Despite officials’ claims, Connecticut not on positive job-growth trajectory
I read with great concern and disappointment a recent article that appeared in the Sunday Stamford Advocate (and affiliated papers) on 1/8/17 entitled “New Jobs are job No. 1.” As a business owner, business leader and one connected with hundreds of businesses in the state and the region, I can comfortably say that many of the perceptions stated by the various elected officials quoted in this piece are categorically false and demonstrate how out of touch many in elected office in Hartford seem to be.
To be clear as a state when it comes to job growth, we are NOT on a positive trajectory, and this is not an issue of perception, but instead a cold reality. Fairfield County in particular has no specific growth industry, not since 2007. We have a changing demographic in terms of residents, but no one in state government seems to want to acknowledge this or learn more about who is moving into Connecticut.
The new population makes less than those moving out, rent vs. buy, and all of this is heavily contributing in a negative way to our lower tax revenue numbers. We have major issues tied to cost of living and transportation in the county, all of which are contributing to more employers hiring people on a remote work basis from elsewhere, which is then contributing to the ongoing 30+percent vacancy rate in commercial office space. These are real indisputable issues. Thousands of jobs remain open throughout the state because employers cannot find the right talent to fill those roles, and the state is not doing enough to help solve this issue.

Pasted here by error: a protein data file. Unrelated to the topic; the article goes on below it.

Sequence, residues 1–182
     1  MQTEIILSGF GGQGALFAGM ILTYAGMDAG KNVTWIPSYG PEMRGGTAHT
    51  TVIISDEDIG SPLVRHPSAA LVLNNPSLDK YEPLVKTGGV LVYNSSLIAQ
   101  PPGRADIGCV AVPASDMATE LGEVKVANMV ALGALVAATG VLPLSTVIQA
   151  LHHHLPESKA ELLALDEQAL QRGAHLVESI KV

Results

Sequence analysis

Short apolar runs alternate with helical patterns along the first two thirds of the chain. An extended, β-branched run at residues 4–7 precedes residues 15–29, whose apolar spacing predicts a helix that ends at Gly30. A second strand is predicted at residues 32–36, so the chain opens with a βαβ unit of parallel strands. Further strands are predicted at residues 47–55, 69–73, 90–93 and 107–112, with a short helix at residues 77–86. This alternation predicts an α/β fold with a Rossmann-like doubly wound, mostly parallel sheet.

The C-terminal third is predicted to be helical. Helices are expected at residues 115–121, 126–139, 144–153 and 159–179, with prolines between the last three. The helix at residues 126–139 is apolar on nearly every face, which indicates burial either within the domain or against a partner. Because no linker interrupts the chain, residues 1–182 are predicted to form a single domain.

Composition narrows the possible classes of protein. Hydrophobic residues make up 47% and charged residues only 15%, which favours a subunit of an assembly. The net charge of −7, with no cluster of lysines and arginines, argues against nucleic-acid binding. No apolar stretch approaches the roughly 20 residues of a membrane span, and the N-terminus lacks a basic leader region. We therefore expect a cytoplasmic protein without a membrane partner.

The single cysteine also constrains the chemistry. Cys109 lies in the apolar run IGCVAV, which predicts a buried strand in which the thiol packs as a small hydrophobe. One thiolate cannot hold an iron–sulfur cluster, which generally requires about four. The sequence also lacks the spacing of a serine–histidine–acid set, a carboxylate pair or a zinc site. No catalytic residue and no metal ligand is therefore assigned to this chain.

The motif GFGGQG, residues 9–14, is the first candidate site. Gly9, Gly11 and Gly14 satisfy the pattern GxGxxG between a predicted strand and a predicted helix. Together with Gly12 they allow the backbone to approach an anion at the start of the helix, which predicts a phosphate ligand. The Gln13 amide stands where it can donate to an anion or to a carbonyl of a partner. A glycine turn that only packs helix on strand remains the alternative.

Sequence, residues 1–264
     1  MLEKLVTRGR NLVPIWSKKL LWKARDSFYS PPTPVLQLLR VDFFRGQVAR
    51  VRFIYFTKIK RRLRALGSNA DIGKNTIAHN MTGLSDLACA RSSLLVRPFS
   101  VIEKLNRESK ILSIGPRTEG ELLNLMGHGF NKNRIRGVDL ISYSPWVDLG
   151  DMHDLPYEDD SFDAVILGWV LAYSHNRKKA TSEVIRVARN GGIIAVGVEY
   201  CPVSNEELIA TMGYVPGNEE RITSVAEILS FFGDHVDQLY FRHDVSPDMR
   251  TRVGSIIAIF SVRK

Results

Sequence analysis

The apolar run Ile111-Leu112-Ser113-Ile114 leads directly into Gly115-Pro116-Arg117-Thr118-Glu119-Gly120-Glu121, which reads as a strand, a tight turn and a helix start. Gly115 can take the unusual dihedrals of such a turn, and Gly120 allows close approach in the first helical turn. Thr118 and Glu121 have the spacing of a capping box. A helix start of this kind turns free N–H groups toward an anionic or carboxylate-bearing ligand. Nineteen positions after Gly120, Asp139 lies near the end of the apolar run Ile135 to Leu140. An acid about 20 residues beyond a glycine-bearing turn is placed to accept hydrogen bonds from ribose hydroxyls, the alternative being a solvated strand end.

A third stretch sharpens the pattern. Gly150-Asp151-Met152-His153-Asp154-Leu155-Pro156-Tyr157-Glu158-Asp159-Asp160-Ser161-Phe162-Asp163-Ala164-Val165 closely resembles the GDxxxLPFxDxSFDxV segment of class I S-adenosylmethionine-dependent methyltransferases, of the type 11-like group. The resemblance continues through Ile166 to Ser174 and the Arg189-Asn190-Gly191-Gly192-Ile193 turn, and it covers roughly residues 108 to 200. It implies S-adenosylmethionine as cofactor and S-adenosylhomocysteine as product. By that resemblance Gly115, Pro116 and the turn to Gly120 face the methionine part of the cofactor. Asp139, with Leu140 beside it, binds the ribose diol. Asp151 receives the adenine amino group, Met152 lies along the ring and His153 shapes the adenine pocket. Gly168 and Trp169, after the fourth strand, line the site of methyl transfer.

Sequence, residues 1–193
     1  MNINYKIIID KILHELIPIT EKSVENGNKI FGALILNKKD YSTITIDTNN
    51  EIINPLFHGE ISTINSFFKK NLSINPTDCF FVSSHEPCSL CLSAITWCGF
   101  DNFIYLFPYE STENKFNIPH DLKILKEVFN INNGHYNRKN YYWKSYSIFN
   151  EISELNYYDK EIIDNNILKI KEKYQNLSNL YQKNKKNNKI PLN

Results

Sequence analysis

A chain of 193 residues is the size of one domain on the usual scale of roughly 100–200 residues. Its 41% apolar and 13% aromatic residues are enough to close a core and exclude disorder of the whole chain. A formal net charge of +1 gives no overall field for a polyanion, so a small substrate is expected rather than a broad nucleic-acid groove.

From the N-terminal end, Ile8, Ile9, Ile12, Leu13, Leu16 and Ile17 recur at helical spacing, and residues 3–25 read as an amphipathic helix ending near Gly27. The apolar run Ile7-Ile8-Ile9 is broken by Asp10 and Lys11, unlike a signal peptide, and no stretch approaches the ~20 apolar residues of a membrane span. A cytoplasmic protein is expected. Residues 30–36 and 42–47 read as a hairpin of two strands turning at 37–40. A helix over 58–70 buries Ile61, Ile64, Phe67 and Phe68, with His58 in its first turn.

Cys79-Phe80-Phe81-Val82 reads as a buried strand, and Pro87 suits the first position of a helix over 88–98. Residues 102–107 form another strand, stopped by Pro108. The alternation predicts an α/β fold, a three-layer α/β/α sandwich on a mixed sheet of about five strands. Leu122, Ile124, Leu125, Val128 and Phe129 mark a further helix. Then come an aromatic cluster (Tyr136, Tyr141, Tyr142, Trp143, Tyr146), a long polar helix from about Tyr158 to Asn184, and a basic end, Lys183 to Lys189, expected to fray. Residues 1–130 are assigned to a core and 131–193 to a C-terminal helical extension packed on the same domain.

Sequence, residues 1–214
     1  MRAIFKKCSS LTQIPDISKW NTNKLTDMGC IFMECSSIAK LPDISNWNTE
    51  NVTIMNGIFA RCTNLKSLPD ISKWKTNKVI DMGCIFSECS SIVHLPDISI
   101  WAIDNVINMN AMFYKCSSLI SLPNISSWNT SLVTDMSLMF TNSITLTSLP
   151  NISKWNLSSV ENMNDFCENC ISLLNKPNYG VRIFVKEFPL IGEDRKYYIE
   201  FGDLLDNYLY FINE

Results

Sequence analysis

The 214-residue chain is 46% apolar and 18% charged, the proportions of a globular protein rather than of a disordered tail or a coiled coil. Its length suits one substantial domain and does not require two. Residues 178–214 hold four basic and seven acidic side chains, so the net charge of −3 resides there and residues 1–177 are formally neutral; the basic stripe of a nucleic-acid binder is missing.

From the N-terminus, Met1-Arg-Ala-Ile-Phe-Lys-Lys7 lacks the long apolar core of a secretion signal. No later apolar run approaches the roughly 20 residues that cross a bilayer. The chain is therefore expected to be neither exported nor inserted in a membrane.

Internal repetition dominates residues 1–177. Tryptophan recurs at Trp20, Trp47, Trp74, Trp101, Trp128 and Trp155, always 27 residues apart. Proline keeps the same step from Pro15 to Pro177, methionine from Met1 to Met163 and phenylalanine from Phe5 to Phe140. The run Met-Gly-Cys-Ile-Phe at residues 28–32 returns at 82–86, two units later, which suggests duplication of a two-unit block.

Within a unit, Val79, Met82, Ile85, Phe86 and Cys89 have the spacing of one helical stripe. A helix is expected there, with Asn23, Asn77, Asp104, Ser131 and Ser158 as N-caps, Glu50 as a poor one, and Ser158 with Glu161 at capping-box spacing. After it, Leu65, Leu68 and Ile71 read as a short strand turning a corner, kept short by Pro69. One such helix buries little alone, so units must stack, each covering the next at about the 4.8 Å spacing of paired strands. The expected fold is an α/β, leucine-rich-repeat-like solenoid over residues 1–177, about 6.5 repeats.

In spite of these challenges, and in spite of a pending $1.5 billion deficit in the upcoming budget, the state continues to somehow manage to find the money to pay off the largest of employers to either come or stay, all while allowing for programs for the rest of the business community, like the JET program, to expire and go unfunded past 2014, with no other viable and aggressive and creative job growth programs of note to replace it as a way to continue to help stimulate job growth for those over 300,000 other businesses.
This accurate picture is in no way indicative of a positive trajectory, and these are not perceptions (as was implied in this article) but instead are facts.
If the state’s leaders are truly committed to stimulating job growth then a plan – any plan – needs to be formulated and implemented. It’s time to get out in front of real businesses in the community to find out what they need and then develop a plan to meet those needs. It’s also time to help ALL businesses vs. just the largest. Finally, it’s time to take inventory of who we are as a state in terms of residents, business types and similar. Connecticut is still operating based on who we WERE, and that is largely why we can’t keep our financial house in order.
David Lewis is Chief Executive Officer of OperationsInc.
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